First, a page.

Plants can fight back

Worst Plant in the Neighborhood

Did you know that over half of the population is allergic to poison ivy—Toxicodendron radicans? While seasoned gardeners can spot and steer clear of this notorious plant, many others unknowingly brush up against it. Yet, poison ivy is just one of the troublesome siblings in the Toxicodendron family native to America. Its counterparts, poison sumac (Toxicodendron vernix) and poison oak (divided into Atlantic Toxicodendron pubescens and Western Toxicodendron rydbergii), add to the botanical rogues’ gallery. Fortunately, encountering poison oak or sumac locally is unlikely, but poison ivy lurks everywhere.

Poison Ivy - Courtesy James St. John
Poison Oak - Courtesy docentjoyce
Poison Sumac- Courtesy Freekee

Esthetic Delights

As someone who loves browsing plant nurseries, strolling through aisles filled with vibrant plants for every microclimate is a joy. However, even the best-intentioned nursery trips can lead to unexpected challenges. I’ve written about inadvertently introducing invasive species into my garden and the ensuing battle to reclaim my beloved spaces.

Plant Nursery Selection- Courtesy Best Green Nursery
Japanese Fall Anemone-S. Jeselsohn
Fall Anemone-S. Jeselsohn

While no reputable nursery sells Toxicodendron plants, surprises can still arise. Several years ago, I bought Japanese fall anemones (Eriocapitella hupehensis/Anemone hupehensis) specifically for their autumn blooms and shade tolerance, ideal for my garden. Initially, because their tall, flower stalks required staking—a tedious chore, I was not particularly enthusiastic. Despite the extra effort, my husband’s admiration for their flowers kept me staking them everye fall. Eventually, I discovered a trick: cutting the flower stalks mid-growth yielded shorter, sturdier blooms, easing my gardening woes. gardening woes.

Take Good Care

Spending time working in the garden, I get the occasional skin rash. Having suffered several serious attacks of poison ivy, I have learned to recognize it immediately. However, I have been driven to my dermatologist on occasion with uncharacteristic itchy rashes. The general assumption has been that they are the result of an encounter with an unseen and devious insect. One day I noticed a book on the doctor’s shelf about plant based skin irritants. It was a very thick book. It got me thinking.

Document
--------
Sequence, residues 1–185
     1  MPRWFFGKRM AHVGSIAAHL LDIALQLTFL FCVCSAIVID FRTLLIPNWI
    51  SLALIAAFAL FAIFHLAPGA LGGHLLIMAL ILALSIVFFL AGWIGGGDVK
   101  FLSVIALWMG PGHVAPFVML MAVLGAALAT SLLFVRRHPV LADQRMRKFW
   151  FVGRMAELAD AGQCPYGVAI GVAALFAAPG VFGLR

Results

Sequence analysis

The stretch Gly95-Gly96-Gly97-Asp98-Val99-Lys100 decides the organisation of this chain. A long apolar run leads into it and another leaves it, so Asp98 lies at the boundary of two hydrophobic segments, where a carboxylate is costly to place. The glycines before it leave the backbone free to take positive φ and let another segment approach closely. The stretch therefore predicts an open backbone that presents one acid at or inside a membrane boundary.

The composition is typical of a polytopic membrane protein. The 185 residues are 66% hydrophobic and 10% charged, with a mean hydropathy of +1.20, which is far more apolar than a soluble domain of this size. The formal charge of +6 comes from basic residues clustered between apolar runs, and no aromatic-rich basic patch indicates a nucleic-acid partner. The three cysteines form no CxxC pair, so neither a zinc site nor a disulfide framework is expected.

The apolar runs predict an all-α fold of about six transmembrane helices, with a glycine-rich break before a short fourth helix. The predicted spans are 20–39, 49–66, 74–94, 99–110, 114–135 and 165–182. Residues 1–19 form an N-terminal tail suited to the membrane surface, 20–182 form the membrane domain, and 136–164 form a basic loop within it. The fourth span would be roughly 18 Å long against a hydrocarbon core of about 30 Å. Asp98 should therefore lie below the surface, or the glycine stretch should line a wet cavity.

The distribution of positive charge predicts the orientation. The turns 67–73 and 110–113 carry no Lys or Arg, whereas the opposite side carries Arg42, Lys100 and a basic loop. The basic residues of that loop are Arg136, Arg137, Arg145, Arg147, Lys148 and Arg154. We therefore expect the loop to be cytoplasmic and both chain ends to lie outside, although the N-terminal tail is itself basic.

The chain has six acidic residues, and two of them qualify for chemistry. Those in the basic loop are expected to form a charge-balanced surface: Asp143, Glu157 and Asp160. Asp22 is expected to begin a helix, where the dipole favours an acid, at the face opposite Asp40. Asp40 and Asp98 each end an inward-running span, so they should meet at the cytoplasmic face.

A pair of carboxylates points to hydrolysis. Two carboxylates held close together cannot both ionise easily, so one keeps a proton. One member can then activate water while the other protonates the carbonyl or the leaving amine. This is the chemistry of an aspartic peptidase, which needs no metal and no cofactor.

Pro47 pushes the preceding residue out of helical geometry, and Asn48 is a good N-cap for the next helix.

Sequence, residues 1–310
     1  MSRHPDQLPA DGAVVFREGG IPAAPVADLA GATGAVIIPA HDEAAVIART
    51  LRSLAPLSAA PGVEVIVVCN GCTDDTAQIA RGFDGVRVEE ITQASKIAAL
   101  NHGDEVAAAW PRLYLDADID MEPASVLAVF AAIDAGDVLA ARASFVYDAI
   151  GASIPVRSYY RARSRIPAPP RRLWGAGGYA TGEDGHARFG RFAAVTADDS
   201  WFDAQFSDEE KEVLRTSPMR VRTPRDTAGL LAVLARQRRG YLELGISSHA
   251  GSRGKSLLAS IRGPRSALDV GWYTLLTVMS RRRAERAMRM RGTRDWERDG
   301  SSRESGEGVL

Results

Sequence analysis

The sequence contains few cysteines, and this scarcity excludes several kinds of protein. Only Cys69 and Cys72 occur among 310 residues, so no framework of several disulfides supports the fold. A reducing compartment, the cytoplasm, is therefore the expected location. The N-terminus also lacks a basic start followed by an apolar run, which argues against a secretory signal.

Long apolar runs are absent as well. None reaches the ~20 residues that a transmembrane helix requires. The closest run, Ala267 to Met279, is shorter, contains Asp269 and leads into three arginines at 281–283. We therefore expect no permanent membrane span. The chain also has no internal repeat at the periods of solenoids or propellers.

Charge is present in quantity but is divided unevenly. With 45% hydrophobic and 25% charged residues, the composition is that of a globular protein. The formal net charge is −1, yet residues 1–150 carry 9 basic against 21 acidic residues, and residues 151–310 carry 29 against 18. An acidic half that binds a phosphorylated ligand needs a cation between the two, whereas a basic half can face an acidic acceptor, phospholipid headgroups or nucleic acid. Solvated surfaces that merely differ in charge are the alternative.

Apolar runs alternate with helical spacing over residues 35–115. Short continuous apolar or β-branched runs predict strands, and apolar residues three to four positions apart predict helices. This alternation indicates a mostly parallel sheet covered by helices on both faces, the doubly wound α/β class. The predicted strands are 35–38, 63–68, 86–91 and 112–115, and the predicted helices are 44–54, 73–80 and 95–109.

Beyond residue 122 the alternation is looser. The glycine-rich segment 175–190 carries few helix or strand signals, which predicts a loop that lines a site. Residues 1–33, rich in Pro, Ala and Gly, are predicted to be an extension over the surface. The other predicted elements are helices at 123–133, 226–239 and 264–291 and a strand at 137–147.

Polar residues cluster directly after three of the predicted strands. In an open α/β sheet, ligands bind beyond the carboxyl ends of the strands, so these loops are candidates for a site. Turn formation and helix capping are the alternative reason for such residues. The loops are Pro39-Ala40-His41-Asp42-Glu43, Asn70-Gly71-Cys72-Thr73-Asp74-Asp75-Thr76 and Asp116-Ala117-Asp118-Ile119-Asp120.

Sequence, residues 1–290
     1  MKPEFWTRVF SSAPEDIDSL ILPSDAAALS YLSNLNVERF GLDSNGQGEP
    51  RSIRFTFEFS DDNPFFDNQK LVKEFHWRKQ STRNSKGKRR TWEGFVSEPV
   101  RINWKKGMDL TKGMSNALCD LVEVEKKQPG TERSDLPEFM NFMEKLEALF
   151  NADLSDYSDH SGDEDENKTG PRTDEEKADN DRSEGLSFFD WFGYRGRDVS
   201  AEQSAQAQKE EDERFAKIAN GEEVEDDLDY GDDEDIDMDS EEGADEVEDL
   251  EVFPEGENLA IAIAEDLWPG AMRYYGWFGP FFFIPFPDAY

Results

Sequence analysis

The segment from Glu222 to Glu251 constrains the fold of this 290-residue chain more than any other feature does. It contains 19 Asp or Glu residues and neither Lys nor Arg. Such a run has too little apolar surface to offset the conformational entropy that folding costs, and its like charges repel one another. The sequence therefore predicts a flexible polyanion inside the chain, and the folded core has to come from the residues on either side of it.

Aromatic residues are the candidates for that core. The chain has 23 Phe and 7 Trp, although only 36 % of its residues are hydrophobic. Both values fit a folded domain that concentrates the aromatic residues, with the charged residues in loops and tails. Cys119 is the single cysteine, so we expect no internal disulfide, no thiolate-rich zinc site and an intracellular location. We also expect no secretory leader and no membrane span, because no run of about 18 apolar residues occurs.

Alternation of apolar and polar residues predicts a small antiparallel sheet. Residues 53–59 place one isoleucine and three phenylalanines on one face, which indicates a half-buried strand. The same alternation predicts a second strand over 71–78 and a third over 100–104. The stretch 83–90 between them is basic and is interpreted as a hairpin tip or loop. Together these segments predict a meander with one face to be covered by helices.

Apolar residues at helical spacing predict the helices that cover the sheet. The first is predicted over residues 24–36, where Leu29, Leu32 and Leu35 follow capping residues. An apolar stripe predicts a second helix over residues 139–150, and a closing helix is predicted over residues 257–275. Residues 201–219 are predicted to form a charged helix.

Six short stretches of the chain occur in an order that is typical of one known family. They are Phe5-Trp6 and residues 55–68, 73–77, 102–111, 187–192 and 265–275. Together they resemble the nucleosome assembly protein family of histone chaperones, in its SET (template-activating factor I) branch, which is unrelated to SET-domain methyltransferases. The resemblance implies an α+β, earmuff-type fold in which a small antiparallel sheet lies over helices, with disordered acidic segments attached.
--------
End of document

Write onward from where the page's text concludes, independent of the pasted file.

Buttercup Flowers - Courtesy John Tann

The innocuous buttercup, symbolizing childhood innocence and carefree meadows, hides a prickly truth. The Ranunculaceae family’s sap contains protoanemonin, a caustic compound, very irritating to the skin. Japanese fall anemones are part of the Ranunculaceae family. Realizing this connection shed a possible light on some of my mystery rashes.

My frustration with these plants also increased as they began to naturalize aggressively, overtaking other flowers. Recently, I made the tough decision to uproot them, keeping only those corralled by mowing or cement borders.

Armed with experience from battling poison ivy, I suited up—long sleeves, gloves, and pants—to safely remove the plants. Washing all exposed skin with dishwashing liquid, effective against oils like urushiol and protoanemonin, and laundering all gardening clothes, proved crucial in preventing further irritation.

So, the next time an unexpected rash surfaces, consider the plants you’ve been handling—it might just be a subtle reminder from your garden.

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1 thought on “Plants can fight back”

  1. There was a stand of these beautiful plants on 254 St. And I planned to ask the gardener for a bulb….but he uprooted them all! Now I understand!
    Saved from a rash…decision and illness!
    Shabbat Shalom, Sura!

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